At the time of our experimentation, there were no USRP daughterboards available that were capable of transmitting at 315/433 MHz. So, we used a frequency mixing approach where we leveraged two XCVR2450 daughterboards and a frequency mixer (mini-circuits ZLW11H) as depicted in Fig.10. By transmitting a tone out of one XCVR2450 into the LO port of the mixer, we were able to mix down the spoofed packet from the other XCVR2450 to the appropriate frequency. For 315 MHz, we used a tone at 5.0 GHz and the spoofed packet at 5.315 GHz. (For 433 MHz, the spoofed packet was transmitted at 5.433 GHz. We have also successfully conducted the experiment using two RFX1800 daughterboards, whose operational frequencies are from 1.5 GHz to 2.1 GHz.)

5.1 Exploring Vehicle Security

We next used this setup to send various forged packets to a car using TPS-A sensors (belonging to one of the authors) at a rate of 40 packets per second. We made the following observations.

No authentication. The vehicle ECU ignores packets with a sensor ID that does not match one of the known IDs of its tires, but appears to accept all other packets. For example, we transmitted forged packets with the ID of the left front tire and a pressure of 0 PSI and found 0 PSI immediately reflected on the dashboard tire pressure display. By transmitting messages with the alert bit set we were able to immediately illuminate the low-pressure warning light2 , and with about 2 seconds delay the vehicle’s general-information warning light, as shown in Figure 14.

No input validation and weak filtering. We forged packets at a rate of 40 packets per second. Neither this increased rate, nor the occasional different reports by the real tire pressure sensor seemed to raise any suspicion in the ECU or any alert that something was wrong. The dashboard simply displayed the spoofed tire pressure. We next transmitted two packets with very different pressure values alternately at a rate of 40 packets per second. The dashboard display appeared to randomly alternate between these values. Similarly, when alternating between packets with and without the alert flag, we observed the warning lights switched on and off at non-deterministic time intervals. Occasionally, the display seemed to freeze on one value. These observations suggest that TPMS ECU employs trivial filtering mechanisms which can be easily confused by spoofed packets.

Interestingly, the illumination of the low-pressure warning light depends only on the alert bit—the light turns on even if the rest of the message reports a normal tire pressure of 32 PSI! This further illustrates that the ECU does not appear to use any input validation.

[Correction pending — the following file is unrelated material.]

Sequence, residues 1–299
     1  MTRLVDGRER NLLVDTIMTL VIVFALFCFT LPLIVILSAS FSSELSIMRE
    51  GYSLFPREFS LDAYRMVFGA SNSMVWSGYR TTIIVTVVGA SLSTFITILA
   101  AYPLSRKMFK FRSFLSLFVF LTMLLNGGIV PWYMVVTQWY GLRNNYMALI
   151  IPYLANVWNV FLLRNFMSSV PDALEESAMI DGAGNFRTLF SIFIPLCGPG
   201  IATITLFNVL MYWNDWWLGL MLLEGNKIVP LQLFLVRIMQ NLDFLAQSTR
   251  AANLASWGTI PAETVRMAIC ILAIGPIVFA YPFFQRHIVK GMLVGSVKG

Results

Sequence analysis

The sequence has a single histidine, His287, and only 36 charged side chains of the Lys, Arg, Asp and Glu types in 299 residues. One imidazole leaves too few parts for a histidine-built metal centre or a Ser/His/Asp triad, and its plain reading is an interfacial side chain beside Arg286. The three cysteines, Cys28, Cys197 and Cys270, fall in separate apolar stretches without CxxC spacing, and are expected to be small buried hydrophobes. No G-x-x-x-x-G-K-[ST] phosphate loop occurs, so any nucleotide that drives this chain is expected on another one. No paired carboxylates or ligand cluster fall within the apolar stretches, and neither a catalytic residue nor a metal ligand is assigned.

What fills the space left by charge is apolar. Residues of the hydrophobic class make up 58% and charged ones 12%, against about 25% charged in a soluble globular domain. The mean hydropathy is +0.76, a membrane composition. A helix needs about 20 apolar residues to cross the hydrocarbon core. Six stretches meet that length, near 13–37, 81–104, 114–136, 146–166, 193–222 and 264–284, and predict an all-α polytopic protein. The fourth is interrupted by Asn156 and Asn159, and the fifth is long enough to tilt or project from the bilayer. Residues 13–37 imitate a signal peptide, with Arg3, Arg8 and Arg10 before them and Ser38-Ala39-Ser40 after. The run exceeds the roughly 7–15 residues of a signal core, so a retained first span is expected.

Large range of attacks. We first investigated the effectiveness of packet spoofing when vehicles are stationary. We measured the attack range when the packet spoofing system was angled towards the head of the car, and we observed a packet spoofing range of 38 meters. For the purpose of proving the concept, we only used low-cost antennas and radio devices in our experiments. We believe that the range of packet spoofing can be greatly expanded by applying amplifiers, high-gain antennas, or antenna arrays.

Feasibility of Inter-Vehicle Spoofing. We deployed the attacks against willing participants on highway I-26 to determine if they are viable at high speeds. Two cars owned by the authors were involved in the experiment. The victim car had TPS-A sensors installed and the attacker’s car was equipped with our packet spoofing system. Throughout our experiment, we transmitted alert packets using the front-left-tire ID of the target car, while the victim car was traveling to the right of the attacker’s car. We observed that the attacker was able to trigger both the low-pressure warning light and the car’s central warning light on the victim’s car when traveling at 55 km/h and 110 km/h, respectively. Additionally, the low-pressure-warning light illuminated immediately after the attacker entered the packet spoofing range.

5.2 Exploring the Logic of ECU Filtering

Forging a TPMS packet and transmitting it at a high rate of 40 packets per second was useful to validate packet spoofing attacks and to gauge the spoofing range. Beyond this, though, it was unclear whether there were further vulnerabilities in the ECU logic. To characterize the logic of the ECU filtering mechanisms, we designed a variety of spoofing attacks. The key questions to be answered include: (1) what is the minimum requirement to trigger the TPMS warning light once, (2) what is the minimum requirement to keep the TPMS warning light on for an extended amount of time, and (3) can we permanently illuminate any warning light even after stopping the spoofing attack?

So far, we have observed two levels of warning lights: TPMS Low-Pressure Warning light (TPMS-LPW) and the vehicle’s general-information warning light illustrating ‘Check Tire Pressure’. In this section, we explored the logic of filtering strategies related to the TPMSLPW light in detail. The logic controlling the vehicle’s general-information warning light can be explored in a similar manner.

5.2.1 Triggering the TPMS-LPW Light

To understand the minimum requirement of triggering the TPMS-LPW light, we started with transmitting one spoofed packet with the rear-left-tire ID and eavesdropping the entire transmission. We observed that (1) one spoofed packet was not sufficient to trigger the TPMSLPW light; and (2) as a response to this packet, the TPMS ECU immediately sent two activation signals through the antenna mounted close to the rear left tire, causing the rear left sensor to transmit eight packets. Hence, although a single spoofed packet does not cause the ECU to display any warning, it does open a vulnerability to battery drain attacks.